A federal appeals court held on Tuesday that abortion providers “do not have a Fourteenth Amendment right to perform abortions” — and thus the state of Ohio could require them to either give up public funding for non-abortion care or stop performing abortions.
The United States Court of Appeals for the Sixth Circuit’s decision in Planned Parenthood of Greater Ohio v. Hodges was handed down entirely along party lines, with a total of 11 Republican judges joining a majority opinion by Judge Jeffrey Sutton and six Democrats in dissent. (Although the dissent was authored by Judge Helene White, a Bush appointee, White was appointed to the bench at the urging of Democrats, and as part of a deal that also allowed Bush to appoint Republican Judge Raymond Kethledge.)
The crux of Sutton’s opinion is that abortion providers have no independent right to perform abortions under the Supreme Court’s abortion decisions. As Sutton notes, the Supreme Court said in Planned Parenthood v. Casey that, at least within the context of that case, a doctor’s right to perform an abortion is “derivative of the woman’s position,” and thus he claims that abortion providers have only a limited ability to challenge anti-abortion laws in federal court.
Sutton roots much of his decision in a longstanding rule that the government is not required to subsidize abortion care. Typically, however, the rule that the government may choose which activities it wishes to subsidize is limited by a doctrine known as “Unconstitutional Conditions.” As Judge White notes in dissent, this doctrine prevents the government from imposing “conditions which require the relinquishment of constitutional rights.”
Thus, the government could not tell a welfare beneficiary that they will lose their benefits if they engage in speech the government finds objectionable. It cannot require a business that receives a tax subsidy to refuse to hire black workers. And it cannot require a pregnant individual to choose between having an abortion and receiving a subsidized health plan under the Affordable Care Act.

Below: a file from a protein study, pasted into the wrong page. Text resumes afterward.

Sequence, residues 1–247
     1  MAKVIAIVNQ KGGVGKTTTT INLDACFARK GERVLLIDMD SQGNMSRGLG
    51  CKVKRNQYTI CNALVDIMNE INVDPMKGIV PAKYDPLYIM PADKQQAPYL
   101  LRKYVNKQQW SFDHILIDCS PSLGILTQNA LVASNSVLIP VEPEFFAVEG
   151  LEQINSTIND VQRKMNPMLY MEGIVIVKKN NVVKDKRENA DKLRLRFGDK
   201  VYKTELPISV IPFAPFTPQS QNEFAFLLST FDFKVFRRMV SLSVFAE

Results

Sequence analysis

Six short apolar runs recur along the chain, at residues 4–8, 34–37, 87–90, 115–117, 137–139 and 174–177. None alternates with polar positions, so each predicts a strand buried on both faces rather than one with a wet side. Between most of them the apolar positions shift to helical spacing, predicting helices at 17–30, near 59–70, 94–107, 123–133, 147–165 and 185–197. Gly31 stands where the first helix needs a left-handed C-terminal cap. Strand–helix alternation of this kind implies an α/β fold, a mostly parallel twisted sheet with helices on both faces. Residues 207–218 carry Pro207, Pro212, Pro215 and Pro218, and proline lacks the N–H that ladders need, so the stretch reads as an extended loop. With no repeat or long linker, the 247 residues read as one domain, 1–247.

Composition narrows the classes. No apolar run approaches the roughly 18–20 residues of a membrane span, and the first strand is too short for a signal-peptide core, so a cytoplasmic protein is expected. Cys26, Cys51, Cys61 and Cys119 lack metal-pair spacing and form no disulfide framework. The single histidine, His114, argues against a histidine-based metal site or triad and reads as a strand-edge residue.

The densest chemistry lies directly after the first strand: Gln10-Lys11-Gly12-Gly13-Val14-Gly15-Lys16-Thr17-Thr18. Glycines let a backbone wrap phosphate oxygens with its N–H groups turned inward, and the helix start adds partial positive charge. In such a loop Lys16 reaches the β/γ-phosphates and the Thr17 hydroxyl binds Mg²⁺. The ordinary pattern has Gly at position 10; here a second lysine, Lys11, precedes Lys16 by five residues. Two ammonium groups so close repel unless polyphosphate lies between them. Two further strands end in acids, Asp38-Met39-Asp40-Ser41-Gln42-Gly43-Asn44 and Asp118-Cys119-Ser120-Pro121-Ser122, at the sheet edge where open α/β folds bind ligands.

But the impact of Sutton’s conclusion that abortion providers do not have an independent right to perform abortions is that the state may require clinics to give up public health subsidies if they wish to perform abortions — even if those subsidies do not fund abortions or related care. The potential impact of this decision is quite breathtaking, as law professors Leah Litman and Samuel Bagenstos noted on Twitter Tuesday.
What if a state said that a nonprofit entity that performed abortions could not receive generally-available tax exemption under the state's tax code? Or said doctors who perform abortions should pay double income tax? Sutton seems to say those might be constl.
— Sam Bagenstos (@sbagen) March 12, 2019
In fairness, Sutton does acknowledge one limit on his ruling. Under Casey, individual patients still have a constitutional right to an abortion, and laws that impose an “undue burden” on this right are invalid. So if a state imposed financial burdens on abortion clinics that were so great that many patients were no longer able to obtain abortions, that law would still be invalid even under Sutton’s reasoning.
But Sutton’s decision could still allow states to impose significant burdens on abortion clinics. In practice, it may lead many clinics that offer a broad array of reproductive care to spin off their abortion practices, increasing the cost of abortive care and leading many patients to receive less comprehensive care as a result.
Sutton’s opinion also fits into a pattern of Republican judges handing down bold anti-abortion decisions in the wake of Justice Anthony Kennedy’s retirement. With no majority on the Supreme Court to protect abortion rights, such judges have little reason to fear that their most aggressive decisions will be reversed.